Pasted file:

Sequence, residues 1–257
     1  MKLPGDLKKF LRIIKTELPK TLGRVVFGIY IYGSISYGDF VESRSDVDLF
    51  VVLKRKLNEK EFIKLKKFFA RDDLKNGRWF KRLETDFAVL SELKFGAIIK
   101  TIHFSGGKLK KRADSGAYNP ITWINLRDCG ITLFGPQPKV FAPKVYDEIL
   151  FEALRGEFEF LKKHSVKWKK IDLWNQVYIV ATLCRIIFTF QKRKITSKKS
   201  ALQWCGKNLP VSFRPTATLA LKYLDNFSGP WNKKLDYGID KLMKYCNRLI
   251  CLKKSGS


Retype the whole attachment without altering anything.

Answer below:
Sequence, residues 1–257
     1  MKLPGDLKKF LRIIKTELPK TLGRVVFGIY IYGSISYGDF VESRSDVDLF
    51  VVLKRKLNEK EFIKLKKFFA RDDLKNGRWF KRLETDFAVL SELKFGAIIK
   101  TIHFSGGKLK KRADSGAYNP ITWINLRDCG ITLFGPQPKV FAPKVYDEIL
   151  FEALRGEFEF LKKHSVKWKK IDLWNQVYIV ATLCRIIFTF QKRKITSKKS
   201  ALQWCGKNLP VSFRPTATLA LKYLDNFSGP WNKKLDYGID KLMKYCNRLI
   251  CLKKSGS